In The Wolf of Wall Street, sharp-suited Jordan Belfort, played by Leonardo diCaprio, makes calls from a scruffy strip mall in Long Island.
"Good morning, Jordan Belfort with Investors' Center in New York City. The reason I'm calling is that an extremely exciting investment opportunity crossed my desk today. Typically our firm recommends no more than five stocks per year: this is one of them. Aerotyne International is a cutting-edge tech firm out of the Midwest, awaiting imminent patent approval on a new generation of radar equipment…"
In reality, Aerotyne is a worthless, dilapidated garage in Dubuque, Iowa. But Belfort hooks the investor with "research" that indicates the 6c-a-share stock could rise to a dollar, "or go much, much higher – your profit on a mere $3,000 investment would be upwards of 50,000… That's right, you could pay off your mortgage." The investor – the "schmucks" in the film – falls for the spiel, parting with $4,000.
The dialogue in the "Investors' Center" may be fictional, but as police raided 14 addresses across Spain, seizing, among other items, an Aston Martin and a Ferrari, the reality is not far off. The term boiler room was first coined in the US to describe how political parties hired rooms at election times to speed-dial prospective voters, but later became a byword for the cheap offices where brokers would sit in close proximity, serially calling "sucker lists" of potential share buyers, selling worthless stock from a pre-prepared script.
In Europe, Spain's "Costa del Crime" has become the home of boiler room operations, usually manned by British citizens, with sophisticated websites (often cloned from authorised firms) to persuade investors the proposition is real. Like Stratton Oakmont in The Wolf of Wall Street, blue-chip names are used to convince buyers of their legitimacy. A company calling itself First Capital Wealth, which had its assets frozen by the Financial Conduct Authority (FCA) in November, is just the latest in a string of suspected boiler rooms that regulators have attempted to close in recent years. It purported to be operating from a skyscraper in the City of London, selling "innovative real estate options focusing on emerging markets".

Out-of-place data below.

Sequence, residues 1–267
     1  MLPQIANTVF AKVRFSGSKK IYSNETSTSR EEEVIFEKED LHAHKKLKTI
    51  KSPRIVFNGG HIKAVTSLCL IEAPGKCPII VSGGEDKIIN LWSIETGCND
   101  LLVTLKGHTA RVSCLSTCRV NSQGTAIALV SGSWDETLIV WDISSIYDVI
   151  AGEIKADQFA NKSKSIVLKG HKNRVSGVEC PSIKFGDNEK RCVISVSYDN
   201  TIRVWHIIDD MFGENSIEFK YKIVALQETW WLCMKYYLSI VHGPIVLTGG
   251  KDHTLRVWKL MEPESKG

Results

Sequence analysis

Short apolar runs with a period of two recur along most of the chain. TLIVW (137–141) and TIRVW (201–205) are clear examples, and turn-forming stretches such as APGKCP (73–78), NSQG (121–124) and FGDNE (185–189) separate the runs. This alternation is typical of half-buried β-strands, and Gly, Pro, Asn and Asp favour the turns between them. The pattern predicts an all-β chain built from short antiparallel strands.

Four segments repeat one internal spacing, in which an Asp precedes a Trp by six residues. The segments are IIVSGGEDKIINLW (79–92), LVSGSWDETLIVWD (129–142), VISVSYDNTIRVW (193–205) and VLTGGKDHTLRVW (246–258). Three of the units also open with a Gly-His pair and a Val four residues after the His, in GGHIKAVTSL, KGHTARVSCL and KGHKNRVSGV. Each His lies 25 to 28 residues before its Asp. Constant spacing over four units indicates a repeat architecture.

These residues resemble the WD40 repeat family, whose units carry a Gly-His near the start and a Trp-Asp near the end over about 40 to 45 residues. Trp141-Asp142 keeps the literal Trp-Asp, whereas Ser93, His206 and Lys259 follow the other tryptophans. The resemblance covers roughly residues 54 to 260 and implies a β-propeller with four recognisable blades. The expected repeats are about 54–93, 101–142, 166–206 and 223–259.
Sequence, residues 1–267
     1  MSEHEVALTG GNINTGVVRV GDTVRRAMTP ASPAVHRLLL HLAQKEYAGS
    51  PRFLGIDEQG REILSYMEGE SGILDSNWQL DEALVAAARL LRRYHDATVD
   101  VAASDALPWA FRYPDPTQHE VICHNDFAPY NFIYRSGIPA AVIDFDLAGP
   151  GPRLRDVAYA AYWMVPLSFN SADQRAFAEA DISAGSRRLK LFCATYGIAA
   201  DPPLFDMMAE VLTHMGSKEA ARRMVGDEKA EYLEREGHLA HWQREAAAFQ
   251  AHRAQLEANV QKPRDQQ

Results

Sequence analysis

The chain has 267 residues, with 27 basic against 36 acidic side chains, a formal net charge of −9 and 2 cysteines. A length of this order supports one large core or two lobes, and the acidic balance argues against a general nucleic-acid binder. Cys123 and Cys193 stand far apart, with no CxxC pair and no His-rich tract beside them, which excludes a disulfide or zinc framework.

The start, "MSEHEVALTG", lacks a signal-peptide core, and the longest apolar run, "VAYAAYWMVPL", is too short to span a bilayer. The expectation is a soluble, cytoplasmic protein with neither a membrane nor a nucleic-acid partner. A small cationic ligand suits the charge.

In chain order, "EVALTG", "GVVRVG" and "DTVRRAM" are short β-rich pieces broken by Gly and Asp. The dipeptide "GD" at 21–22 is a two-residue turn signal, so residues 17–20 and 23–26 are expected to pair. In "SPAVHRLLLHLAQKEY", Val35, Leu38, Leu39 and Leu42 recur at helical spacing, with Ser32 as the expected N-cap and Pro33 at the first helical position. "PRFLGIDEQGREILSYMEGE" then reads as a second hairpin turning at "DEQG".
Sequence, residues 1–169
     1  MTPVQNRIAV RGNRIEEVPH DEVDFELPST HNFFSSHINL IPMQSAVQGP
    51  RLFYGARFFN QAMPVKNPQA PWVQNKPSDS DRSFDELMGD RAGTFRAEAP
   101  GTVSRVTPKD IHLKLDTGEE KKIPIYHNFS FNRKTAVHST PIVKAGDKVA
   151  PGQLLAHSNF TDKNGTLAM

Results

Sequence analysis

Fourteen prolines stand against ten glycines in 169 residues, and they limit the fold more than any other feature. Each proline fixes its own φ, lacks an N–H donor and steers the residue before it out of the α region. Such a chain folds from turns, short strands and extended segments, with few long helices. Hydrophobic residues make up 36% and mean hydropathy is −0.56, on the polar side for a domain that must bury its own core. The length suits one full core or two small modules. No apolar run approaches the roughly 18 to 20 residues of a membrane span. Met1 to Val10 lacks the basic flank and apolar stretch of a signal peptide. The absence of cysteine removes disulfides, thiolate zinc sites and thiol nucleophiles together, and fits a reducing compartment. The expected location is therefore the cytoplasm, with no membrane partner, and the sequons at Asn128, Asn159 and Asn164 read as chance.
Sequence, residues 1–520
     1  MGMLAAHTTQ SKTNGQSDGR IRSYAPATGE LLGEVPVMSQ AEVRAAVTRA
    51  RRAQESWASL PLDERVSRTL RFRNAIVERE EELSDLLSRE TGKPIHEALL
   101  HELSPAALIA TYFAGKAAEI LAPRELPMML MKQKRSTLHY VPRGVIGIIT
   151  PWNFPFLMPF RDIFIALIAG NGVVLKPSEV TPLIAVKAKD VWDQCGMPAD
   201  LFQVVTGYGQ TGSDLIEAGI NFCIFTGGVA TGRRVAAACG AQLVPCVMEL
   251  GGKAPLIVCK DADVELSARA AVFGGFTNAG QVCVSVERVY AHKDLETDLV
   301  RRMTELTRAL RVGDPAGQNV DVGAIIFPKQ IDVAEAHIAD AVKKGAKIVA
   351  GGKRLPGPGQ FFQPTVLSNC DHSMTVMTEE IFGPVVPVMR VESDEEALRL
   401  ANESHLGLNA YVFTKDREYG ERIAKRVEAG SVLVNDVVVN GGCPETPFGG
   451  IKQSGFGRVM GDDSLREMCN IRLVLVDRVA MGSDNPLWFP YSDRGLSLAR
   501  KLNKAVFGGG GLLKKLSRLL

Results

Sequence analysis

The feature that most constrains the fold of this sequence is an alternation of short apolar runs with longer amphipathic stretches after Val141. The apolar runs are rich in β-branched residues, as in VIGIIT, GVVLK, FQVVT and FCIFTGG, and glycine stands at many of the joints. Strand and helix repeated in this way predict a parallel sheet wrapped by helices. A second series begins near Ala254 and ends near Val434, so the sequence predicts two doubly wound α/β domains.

High-pressure sales staff in boiler rooms typically alight on whatever investment fad is popular at the time – from carbon credits to rare earths to land that is about to gain planning permission (but never does).
Victims of share fraud lose an average of £20,000 to these scams, with as much as £200m being lost in the UK each year, says the FCA. Even seasoned investors have been caught out, with the biggest individual loss recorded by the police being £6m. It says the scam firms often have few assets and victims are not covered by the Financial Services Compensation Scheme.
Among the most disturbing tactics used by boiler rooms is what's dubbed recovery room fraud. The callers phone victims of share scams, posing as the police or a regulatory body, and promise to recover their money – for a fee, of course.
guardian.co.uk © Guardian News and Media Limited 2010